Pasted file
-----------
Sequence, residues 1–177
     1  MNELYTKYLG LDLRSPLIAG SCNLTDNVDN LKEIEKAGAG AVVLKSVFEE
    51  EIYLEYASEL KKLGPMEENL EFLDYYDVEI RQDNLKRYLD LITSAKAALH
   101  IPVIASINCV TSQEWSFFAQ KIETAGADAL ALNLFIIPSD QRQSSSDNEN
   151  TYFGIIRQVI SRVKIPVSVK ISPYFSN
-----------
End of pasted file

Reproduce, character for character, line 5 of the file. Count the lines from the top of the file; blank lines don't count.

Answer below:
   151  TYFGIIRQVI SRVKIPVSVK ISPYFSN